If you try to launch a .NET 3.5 application on a Windows computer which does not have this version of the .NET framework installed, you get a FileNotFoundException for some system assemblies (for example System.Core

Is it possible to catch this exception and tell the user to upgrade their .NET framework or is it thrown too early to handle it?


How are you currently deploying the app? ClickOnce can do assembly (GAC) checks before launch, and with msi you should have a whole range of pre-check options available... although not always feasible, you might consider one of these deployment options?

Re catching the exception - just be sure to split the Main up so that it does nothing except catch the exception - otherwise JIT can stop your Main from loading:

// [STAThread] here if winform
static void Main() {
    try {
    } catch (SomeException ex) {
       // TODO something simple but fun

static void MainCore() { ... } // your app here...

If you put too much in the outer Main, it can barf before running any of it, since JIT might need the types.

  • dude, you just provided the solution to something I've been working on all morning, you saved me hours of banging my head against the wall. thanks! – Epaga Mar 2 '10 at 13:15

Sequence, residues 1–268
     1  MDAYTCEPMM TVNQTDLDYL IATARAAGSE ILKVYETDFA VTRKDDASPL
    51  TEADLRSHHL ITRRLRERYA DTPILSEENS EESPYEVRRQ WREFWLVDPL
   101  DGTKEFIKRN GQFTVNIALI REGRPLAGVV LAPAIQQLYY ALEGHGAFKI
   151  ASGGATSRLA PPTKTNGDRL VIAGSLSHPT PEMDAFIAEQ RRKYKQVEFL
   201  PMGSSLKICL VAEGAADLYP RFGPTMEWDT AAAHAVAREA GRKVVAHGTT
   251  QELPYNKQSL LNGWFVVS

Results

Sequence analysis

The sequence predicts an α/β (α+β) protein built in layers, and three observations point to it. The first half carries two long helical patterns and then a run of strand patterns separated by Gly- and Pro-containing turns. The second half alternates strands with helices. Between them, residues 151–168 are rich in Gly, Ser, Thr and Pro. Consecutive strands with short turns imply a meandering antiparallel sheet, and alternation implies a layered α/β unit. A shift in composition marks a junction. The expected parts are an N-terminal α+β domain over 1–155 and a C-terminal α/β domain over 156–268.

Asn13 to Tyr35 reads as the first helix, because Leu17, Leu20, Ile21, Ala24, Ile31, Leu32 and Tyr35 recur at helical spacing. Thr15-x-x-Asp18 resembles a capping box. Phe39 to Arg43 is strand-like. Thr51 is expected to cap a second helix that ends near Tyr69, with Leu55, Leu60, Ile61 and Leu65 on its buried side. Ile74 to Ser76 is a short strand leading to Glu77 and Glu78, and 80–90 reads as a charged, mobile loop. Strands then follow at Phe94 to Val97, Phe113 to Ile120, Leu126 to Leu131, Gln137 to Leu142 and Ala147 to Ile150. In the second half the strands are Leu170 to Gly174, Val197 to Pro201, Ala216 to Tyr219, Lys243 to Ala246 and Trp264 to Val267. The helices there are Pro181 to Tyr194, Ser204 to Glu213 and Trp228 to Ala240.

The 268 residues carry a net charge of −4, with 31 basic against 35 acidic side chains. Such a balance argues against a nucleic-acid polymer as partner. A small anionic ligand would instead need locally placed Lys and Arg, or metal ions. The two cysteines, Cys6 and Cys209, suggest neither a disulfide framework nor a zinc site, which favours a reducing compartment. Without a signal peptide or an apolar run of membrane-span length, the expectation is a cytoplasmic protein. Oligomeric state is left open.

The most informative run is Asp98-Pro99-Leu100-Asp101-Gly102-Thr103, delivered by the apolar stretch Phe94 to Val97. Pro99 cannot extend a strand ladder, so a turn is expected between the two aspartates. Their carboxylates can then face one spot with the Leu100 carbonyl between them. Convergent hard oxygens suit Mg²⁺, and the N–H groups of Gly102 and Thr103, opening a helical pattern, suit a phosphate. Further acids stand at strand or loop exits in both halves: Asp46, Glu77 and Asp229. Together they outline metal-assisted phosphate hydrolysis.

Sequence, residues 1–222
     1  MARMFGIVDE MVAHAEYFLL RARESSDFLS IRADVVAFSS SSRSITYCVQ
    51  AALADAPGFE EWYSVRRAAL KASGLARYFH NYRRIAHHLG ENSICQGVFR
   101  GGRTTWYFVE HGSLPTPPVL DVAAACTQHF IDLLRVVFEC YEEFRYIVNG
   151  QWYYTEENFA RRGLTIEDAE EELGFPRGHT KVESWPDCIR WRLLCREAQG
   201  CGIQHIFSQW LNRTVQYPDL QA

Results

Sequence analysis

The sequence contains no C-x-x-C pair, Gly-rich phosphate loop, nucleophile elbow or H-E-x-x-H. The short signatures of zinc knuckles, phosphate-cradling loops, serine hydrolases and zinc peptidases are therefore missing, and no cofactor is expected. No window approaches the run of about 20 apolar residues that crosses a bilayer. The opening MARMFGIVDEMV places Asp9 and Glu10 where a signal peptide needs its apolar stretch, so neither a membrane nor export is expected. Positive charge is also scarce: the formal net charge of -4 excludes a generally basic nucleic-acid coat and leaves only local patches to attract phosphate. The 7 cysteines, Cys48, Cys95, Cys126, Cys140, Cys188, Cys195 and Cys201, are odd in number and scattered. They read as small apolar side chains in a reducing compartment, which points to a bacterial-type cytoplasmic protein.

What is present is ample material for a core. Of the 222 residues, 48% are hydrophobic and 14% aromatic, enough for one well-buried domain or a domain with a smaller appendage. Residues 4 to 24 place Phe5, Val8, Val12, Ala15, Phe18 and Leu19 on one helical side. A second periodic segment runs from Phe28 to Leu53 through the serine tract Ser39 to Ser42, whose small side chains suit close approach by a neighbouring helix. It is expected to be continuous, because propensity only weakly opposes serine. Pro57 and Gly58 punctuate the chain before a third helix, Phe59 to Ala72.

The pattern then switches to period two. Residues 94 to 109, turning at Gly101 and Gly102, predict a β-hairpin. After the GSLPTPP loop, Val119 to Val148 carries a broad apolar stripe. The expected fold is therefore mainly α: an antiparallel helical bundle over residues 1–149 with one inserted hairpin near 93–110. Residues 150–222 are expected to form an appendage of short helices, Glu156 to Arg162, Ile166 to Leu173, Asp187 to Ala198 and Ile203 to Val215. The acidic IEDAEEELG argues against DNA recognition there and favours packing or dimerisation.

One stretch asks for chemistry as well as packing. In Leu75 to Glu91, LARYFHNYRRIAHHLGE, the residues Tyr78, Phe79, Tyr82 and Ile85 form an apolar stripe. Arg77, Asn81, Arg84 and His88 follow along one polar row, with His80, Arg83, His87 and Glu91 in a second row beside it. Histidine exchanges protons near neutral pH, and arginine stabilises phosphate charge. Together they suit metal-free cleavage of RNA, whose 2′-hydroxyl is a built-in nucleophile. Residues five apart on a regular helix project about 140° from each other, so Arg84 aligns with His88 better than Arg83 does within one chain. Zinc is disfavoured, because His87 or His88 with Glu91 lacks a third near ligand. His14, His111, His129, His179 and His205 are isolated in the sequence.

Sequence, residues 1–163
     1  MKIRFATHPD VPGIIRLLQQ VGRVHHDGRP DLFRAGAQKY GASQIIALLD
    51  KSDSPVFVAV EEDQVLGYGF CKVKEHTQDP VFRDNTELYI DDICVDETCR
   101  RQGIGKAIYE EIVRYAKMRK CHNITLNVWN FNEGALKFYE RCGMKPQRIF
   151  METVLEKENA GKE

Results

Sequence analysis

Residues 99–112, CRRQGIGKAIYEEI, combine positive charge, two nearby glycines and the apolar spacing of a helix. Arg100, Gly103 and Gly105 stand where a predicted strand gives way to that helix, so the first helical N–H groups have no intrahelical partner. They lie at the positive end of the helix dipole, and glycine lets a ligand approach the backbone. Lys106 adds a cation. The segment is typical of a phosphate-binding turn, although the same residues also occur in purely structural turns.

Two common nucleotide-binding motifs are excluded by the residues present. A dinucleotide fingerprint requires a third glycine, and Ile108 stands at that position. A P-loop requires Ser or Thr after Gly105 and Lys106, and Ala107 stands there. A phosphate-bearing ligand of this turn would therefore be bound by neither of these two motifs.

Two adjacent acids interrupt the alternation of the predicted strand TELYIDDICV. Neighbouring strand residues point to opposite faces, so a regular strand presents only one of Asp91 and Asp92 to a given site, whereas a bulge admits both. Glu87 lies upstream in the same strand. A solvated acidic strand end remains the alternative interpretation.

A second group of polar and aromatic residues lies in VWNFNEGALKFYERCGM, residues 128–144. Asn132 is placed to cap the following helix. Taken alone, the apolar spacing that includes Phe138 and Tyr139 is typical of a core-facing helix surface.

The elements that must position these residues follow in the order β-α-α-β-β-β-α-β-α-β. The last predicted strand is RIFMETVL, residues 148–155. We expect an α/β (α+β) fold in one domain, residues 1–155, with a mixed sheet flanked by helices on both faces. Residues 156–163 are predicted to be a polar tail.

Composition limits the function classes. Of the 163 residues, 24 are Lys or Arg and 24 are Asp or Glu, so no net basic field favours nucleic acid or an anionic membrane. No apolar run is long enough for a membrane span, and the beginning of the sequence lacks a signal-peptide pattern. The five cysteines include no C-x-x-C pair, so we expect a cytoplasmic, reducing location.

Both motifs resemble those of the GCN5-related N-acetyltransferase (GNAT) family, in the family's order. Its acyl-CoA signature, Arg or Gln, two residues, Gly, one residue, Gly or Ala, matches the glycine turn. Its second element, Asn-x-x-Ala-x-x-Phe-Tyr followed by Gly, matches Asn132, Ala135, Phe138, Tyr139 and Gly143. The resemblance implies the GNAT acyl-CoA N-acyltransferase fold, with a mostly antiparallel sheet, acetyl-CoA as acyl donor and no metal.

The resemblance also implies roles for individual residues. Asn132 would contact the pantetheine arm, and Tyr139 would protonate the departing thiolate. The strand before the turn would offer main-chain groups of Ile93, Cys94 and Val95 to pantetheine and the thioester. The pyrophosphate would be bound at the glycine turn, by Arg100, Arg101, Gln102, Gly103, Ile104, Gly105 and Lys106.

• [MethodImpl(MethodImplOptions.NoInlining)] should be on MainCore here, shouldn't it? – Dave Cluderay Aug 11 '10 at 17:04
  • @Dave - quite possibly; it was nearly 2 years ago, so my memory is hazy, but what you say makes sense. – Marc Gravell Aug 11 '10 at 18:45

The simplest thing would just be to try it. (I don't have any non-3.5 machines to test it on, but I assume you do.)

Make your entry point a very simple one which just tries to load System.Core.dll and handles the exception appropriately. If it passes, move on to another class which can then use it. If it fails, give the appropriate error message and exit.

I suspect you don't need to have quite this level of isolation - so long as you don't have any fields which are of unavailable types, I wouldn't expect the assembly to be resolved until you first call a method which needs it. I'd have to consult CLR via C# to check. However, keeping it quite isolated would probably be safer - it avoids you accidentally introducing dependencies later. Heck, you could even have your "boot and check" type in a separate assembly which did nothing but launch another one if everything's okay.


You can catch that exception, yes.

In your main routine, just use a try..catch around your main message loop.

   Application.Run(new MainForm());
catch (Exception ex)
    if (ex.MessageContains("Could not load file or assembly 'System.Core, Version="))
        MessageBox.Show("This product requires the Microsoft .NET Framework version 3.5, or greater, in order to run.\n\nPlease contact your System Administrator for more information.");

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